Ok guys bare with me, you're probably thinking I'm trying to re-open a can of worms, well I'm not, well maybe sort of.
A few of you came back with a counter argument that there should be no mention of railguns, if we wanted that, we should play C&C 3 or the other argument that John Chi made which was more substantial was that the designs seem to be based on Boeing's FCS - the Army's Future Combat Systems. It's the Army's attempt to create networked set of units (ie tanks, helos, artillery, combat support, grunts, even loitering munitions, etc) to all know what's going on, to tell each other where they are and where the enemy is. Anyway for the vehicles they would all use a similar chassis to reduce logistics and maintenance problems.
OK, well John has a sharp eye since Michael DePlater himself in an IGN interview seems to mention the Boeing FCS program.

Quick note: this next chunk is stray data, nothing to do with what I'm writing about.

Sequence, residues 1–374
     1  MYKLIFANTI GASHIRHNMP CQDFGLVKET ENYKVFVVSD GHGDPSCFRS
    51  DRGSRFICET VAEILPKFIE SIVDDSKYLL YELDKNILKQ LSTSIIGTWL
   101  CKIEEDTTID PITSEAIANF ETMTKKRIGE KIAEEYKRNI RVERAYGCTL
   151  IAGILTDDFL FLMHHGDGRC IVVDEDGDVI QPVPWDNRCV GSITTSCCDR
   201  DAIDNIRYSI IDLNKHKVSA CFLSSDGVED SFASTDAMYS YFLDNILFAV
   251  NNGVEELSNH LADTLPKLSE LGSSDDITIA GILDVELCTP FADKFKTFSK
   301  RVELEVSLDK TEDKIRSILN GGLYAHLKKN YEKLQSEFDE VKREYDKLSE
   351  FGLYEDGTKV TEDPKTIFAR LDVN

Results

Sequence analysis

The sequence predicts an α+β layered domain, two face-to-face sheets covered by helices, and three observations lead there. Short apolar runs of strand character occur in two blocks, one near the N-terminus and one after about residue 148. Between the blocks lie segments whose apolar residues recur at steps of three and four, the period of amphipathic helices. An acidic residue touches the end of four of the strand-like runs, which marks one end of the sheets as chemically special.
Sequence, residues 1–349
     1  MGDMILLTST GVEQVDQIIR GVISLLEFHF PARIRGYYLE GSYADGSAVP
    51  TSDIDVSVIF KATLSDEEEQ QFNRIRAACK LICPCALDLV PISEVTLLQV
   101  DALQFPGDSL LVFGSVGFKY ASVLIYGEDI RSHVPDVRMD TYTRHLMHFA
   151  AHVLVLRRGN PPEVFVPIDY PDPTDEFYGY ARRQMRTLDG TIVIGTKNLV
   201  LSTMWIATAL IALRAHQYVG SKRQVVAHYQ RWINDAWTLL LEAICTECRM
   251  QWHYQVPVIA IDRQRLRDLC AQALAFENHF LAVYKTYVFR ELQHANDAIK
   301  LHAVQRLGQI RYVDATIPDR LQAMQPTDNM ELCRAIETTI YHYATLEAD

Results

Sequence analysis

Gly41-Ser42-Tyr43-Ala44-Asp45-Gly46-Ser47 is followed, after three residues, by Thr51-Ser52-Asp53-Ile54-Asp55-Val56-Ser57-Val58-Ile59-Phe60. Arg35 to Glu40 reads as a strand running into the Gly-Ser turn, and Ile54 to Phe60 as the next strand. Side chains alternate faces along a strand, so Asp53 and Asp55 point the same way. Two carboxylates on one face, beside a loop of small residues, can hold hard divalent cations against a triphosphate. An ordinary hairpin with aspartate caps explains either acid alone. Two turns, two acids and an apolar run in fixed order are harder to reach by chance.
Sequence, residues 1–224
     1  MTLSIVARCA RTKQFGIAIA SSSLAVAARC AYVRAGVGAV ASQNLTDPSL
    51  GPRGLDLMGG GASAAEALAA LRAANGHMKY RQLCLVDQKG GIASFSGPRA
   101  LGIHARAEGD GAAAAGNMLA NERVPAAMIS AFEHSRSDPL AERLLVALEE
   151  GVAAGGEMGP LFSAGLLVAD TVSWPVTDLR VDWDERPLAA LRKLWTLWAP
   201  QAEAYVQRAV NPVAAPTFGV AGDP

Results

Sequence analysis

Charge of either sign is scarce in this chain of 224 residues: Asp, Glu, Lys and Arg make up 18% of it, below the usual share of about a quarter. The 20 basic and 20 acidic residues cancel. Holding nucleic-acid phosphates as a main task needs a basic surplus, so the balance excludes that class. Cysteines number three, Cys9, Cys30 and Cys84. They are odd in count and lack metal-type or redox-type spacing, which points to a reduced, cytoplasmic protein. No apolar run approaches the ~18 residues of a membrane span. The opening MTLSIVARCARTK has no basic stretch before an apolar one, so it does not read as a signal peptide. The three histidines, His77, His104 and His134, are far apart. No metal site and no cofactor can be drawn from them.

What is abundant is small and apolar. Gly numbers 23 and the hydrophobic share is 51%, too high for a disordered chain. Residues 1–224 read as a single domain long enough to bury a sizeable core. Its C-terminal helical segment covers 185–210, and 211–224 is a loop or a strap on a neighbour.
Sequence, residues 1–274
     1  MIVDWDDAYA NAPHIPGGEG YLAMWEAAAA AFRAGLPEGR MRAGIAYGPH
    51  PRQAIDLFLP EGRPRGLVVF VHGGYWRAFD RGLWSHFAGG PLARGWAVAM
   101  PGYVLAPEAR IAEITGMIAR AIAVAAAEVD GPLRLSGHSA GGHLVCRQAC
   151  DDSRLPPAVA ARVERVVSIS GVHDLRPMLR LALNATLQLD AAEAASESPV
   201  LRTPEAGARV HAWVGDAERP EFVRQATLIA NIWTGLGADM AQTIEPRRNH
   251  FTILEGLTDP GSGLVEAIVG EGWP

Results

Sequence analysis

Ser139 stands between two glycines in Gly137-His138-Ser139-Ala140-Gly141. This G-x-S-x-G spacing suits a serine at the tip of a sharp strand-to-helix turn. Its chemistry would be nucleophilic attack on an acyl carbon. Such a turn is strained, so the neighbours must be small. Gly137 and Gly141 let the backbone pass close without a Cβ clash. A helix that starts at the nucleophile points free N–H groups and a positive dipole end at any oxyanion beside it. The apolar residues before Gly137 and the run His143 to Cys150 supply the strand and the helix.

That being said, railguns. The reason why I mention it, is that prior to this networked version of FCS, it was in the mid to late 90's an attempt to create an Abrams replacement and to use the chassis to replace Bradleys too. They would be ULTRA survivable and lethal.
Anyway, I knew I read this years ago and I was able luckily to find that Armor magazine put out by the US Armor Assoc. at Ft. Know had a 3 part series on the ORIGINAL FCS, which in my OPINION (and wish...guys I'm not saying I'm right, b4 you rail on me, it's just a comment), would be a better tank to have than the one they've shown in the game.
This tank if you guys read the articles has:
1- active protection systems
3. a small defensive laser (*this isn't as preposterous as you think, Northrop Grumman has recently has some success w/SSL's - solid state lasers - not the chemical based ones.
4. stealthy shaping
5. in my opinion, it looks cooler.
Anyway, here are the links, and as I said b4, there's no reason games shouldn't stimulate curiousity to learn more. Yes it's a game, but your counter arguments would be better if you read these links.
This is Pt. 1
Pt. 2: http://www.knox.army.mil/armormag/so97/5fcs97.pdf
Pt. 3 - this one might be the hardest to believe, but it also fits in with the US not wanting to depend on fossil fuels - a solar powered tank